Step 5. Understand difficulties and complaints. If anyone has difficulty or complaints about using the hospital, one has a starting point for innovation. Make the hospital easy to use, eliminate current inconveniences and introduce improvements to overcome complaints.

Step 6.  Learn from other industries. A good way to innovate on a budget is to learn what other industries are doing and apply those lessons to the hospital or health system.  If one looks at the pace of innovation and change in healthcare, the majority of innovation is because individuals have taken what works in another industry and adapted it to healthcare. 

Step 7. Use open innovation. Big consumer products companies encourage developers to bring novel products to them. They are flexible on IP protection and give a clear focus on what is needed. Not bound by the “not invented here” syndrome, hospitals, and health systems could use to emulate that behavior. Instead of being combative and negative on why an idea won’t work, understand the why it could work and how the hospital can participate in development.

Step 8. Ask what if? But this question requires lateral thinking and no area of the hospital is off limits. Looking at the configuration of the clinical and medical services, what could go away tomorrow because it can be done at a lower cost with higher quality in a different setting?  By understanding those factors now comes the innovation of how can I be the first to meet that change head-on. It is a recognition that one is not in the hospital business but the healthcare business.

Step 9. Use social networks. Follow trends and ask a question on groups like LinkedIn, Facebook, and Twitter. Ask what people want to see or what they think the next new big idea will be. Many early adopters and innovators will be more than happy to answer your questions. I haven’t met an innovator that doesn’t like to talk about what they are doing.

Step 10.  Have regular brainstorm meetings where one generates a lot of new ideas. Use diverse groups from within the hospital and include a provocative outsider like a vendor or key customer.

The ways to innovate are legendary. But one thing innovators have in common is that they recognize the opportunity for innovation driven by meeting the needs of a market because other won’t. Don’t wait for someone else to do it for you.

For more topics and thought leading discussions like this, join Healthcare Marketing Leaders For Change, a LinkedIn Professional Group.

Sunday, March 20, 2016

When a health system faces potential failure, what’s marketing’s role?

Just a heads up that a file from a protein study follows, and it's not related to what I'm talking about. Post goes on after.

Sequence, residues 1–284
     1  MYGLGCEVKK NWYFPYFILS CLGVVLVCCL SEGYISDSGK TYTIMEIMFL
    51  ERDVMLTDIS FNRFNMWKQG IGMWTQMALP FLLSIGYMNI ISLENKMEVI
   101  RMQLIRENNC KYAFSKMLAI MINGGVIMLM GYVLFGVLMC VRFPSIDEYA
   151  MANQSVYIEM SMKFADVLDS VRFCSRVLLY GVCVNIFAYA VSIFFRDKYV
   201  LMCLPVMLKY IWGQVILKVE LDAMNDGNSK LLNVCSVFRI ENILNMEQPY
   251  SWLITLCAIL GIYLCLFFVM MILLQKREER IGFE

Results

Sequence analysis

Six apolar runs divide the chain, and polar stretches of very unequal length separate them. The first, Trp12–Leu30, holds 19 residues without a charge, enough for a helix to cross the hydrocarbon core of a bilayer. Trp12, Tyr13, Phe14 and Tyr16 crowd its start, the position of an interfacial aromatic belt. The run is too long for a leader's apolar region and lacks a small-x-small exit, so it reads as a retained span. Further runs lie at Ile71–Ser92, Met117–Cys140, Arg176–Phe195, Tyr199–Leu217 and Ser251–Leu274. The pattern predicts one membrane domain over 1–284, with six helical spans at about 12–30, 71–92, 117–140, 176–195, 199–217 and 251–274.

A health system is in trouble.  It was disclosed this week in several news outlets of a $186 million dollar loss due to revenue write-offs, malpractice settlements, ineffective revenue cycle management, outmoded billing and collection polices-processes, etc.  See “Presence Health CEO tending to ailing hospital chain”, Chicago Tribune, March 20, 2016. Also telling was the statement of declining inpatient and outpatient utilization.

So what is planned?

üLayoff 250 support and administrative staff with a total reduction target of 700 FTEs mostly through attrition.
ü  Revamped revenue cycle management, improved collection and billing processes-procedures.
ü  Raising prices.
ü  Replace key senior leadership holdovers from the previous leadership team.
ü  Trot out “key” board members to support the changes.
ü  Subtlety throws the old leadership team under the bus.

Leadership hit the standard checklist of what to do.  I do understand that these are the actions to be taken and communicated to the bondholders, given that Presence Health is in violation of several bond covenants of their billion dollar debt.

But no mention was made of how they intend to turn around the declining utilization. And beyond the actions mentioned above required to stabilize the business, that is what is at the heart of the matter.

Which brings me in a roundabout way to the original question of what is marketing’s role in assisting the turnaround of the system?

Marketing can be an integral part if leadership has the wisdom and foresight to take bold action and include marketing in the efforts.  And this isn’t a PR effort or meaningless advertising.  It is a system marketing opportunity to drive meaningful change in experience, engagement and value, running concurrently with the business changes. 

And this is critical for the long-term survival of the system.